Is the brain hard-wired for pain?
Analysis of white matter sheds new light on chronic pain
The last thing anyone in pain wants to hear is that “it’s all in your head.” But a new study, published this month in Pain, revealed that some chronic pain might, quite literally, depend on the state of the brain. Analyzing the brain structure of chronic pain sufferers may help explain why some people recover quickly from an injury while others experience ongoing pain. Researchers think these findings could lead to more specialized pain treatment.
Physical pain is one of the most universal forms of human stress. But not all pain is created equally. While acute pain is a temporary reaction of the nervous system to disease or other threats to the body, chronic pain is different. Signals keep firing in the nervous system even after an injury has healed.
“Everyone will experience acute pain,” explained Vania Apkarian, professor of physiology at Northwestern University in Chicago and senior author of the study. “But only some develop chronic pain and until now, no one understood why.”
According to a recent report by the Institute of Medicine (IOM), an organization associated with the National Academy of Sciences, chronic pain affects nearly 100 million Americans. That’s more than heart disease, diabetes and cancer combined.
“While pain can be a symptom of another condition, when it becomes chronic, it can be a disease in its own right,” said Sean Mackey, chief of Pain Management at Stanford University in California and co-author of the IOM report.
To figure out what turns acute pain into a chronic problem, Apkarian’s team scanned the brains of 46 patients with lower-back pain using diffusion tensor imaging, a type of MRI that traces the brain’s white matter – fibers that transfer information to different places in the brain. The team then measured the fractional anisotropy (FA) – a reflection of the diameters, densities and other properties of those white matter fibers. They found that patients who developed chronic pain had decreased FA values compared to those who didn’t. Apkarian says these differences may make those patients more likely to develop chronic pain.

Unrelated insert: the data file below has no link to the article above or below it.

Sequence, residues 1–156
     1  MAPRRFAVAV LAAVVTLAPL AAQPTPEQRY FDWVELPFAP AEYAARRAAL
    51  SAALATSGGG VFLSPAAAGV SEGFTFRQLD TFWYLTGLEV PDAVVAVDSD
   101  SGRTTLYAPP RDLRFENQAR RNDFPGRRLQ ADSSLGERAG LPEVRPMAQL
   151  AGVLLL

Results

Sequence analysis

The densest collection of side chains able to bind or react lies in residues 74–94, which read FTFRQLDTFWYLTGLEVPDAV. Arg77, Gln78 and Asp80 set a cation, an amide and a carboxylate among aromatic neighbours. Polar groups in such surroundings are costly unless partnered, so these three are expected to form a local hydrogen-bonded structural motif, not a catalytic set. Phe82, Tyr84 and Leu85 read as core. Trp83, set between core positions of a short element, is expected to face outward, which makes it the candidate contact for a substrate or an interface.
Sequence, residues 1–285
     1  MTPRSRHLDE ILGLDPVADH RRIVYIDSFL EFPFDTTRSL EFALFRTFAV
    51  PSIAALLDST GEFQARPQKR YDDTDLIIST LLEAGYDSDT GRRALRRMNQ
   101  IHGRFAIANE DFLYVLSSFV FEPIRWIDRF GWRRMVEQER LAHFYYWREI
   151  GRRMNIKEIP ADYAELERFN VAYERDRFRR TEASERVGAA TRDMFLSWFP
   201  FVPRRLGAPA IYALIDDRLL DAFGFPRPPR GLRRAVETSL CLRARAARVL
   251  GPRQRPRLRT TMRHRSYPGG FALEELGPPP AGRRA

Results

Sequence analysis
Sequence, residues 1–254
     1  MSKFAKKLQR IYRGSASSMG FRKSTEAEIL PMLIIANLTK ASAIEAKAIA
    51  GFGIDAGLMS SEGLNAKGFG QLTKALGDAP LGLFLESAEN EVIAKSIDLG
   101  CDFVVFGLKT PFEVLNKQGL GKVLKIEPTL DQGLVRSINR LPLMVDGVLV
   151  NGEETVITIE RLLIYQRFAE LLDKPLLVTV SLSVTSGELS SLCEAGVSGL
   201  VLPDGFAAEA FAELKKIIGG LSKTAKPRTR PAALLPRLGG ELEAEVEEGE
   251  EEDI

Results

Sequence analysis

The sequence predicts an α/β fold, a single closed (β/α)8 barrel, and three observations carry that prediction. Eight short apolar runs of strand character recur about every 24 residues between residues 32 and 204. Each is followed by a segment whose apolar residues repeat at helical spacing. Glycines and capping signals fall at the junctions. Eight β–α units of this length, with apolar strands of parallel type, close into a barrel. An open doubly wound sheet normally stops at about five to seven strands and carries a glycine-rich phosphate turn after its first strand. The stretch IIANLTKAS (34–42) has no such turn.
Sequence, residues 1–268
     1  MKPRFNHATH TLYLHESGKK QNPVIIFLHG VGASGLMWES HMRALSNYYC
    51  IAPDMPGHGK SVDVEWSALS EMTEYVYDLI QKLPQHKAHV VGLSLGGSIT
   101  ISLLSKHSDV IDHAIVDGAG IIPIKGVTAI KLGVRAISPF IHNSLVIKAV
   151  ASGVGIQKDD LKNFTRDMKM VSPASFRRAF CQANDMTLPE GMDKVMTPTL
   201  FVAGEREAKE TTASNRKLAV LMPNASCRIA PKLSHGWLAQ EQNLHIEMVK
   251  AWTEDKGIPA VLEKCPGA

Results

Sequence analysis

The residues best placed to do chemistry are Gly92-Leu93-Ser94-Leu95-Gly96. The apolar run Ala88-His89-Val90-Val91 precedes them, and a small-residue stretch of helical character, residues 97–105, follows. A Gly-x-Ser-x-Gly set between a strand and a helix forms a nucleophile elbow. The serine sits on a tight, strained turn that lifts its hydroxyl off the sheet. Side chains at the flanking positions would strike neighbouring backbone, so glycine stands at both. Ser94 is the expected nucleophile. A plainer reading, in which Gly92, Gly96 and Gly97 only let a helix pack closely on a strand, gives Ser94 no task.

As patients recover, “the white matter measurements do not change significantly, suggesting these properties predict chronic pain and are not modified by the injury,” said Andy Alexander, director of the Waisman Lab for Brain Imaging at the University of Wisconsin, Madison.
The researchers then compared the brain scans of the patients who developed chronic pain against a separate group of patients with already established chronic pain, and found that their white matter was similar. On the other hand, the white matter of healthy control subjects looked more like that of the subjects who did not develop chronic pain. After the study was completed, the researchers used the brain scans to retrospectively predict, with an 80% success rate, which patients in the original study would develop chronic pain.
Stanford’s Mackey thinks the key to resolving chronic pain is to understand how it develops. “Because many chronic pain problems start with an acute pain episode,” he said, “identifying factors that predict chronic pain will help develop treatments to prevent that occurrence.” Apkarian’s team is currently using the information gained from this study to develop new medications to stop the transition from acute to chronic pain.
“For fifteen years I had been advocating that the brain is important in chronic pain,” Apkarian said, “but I had no idea it was this important.”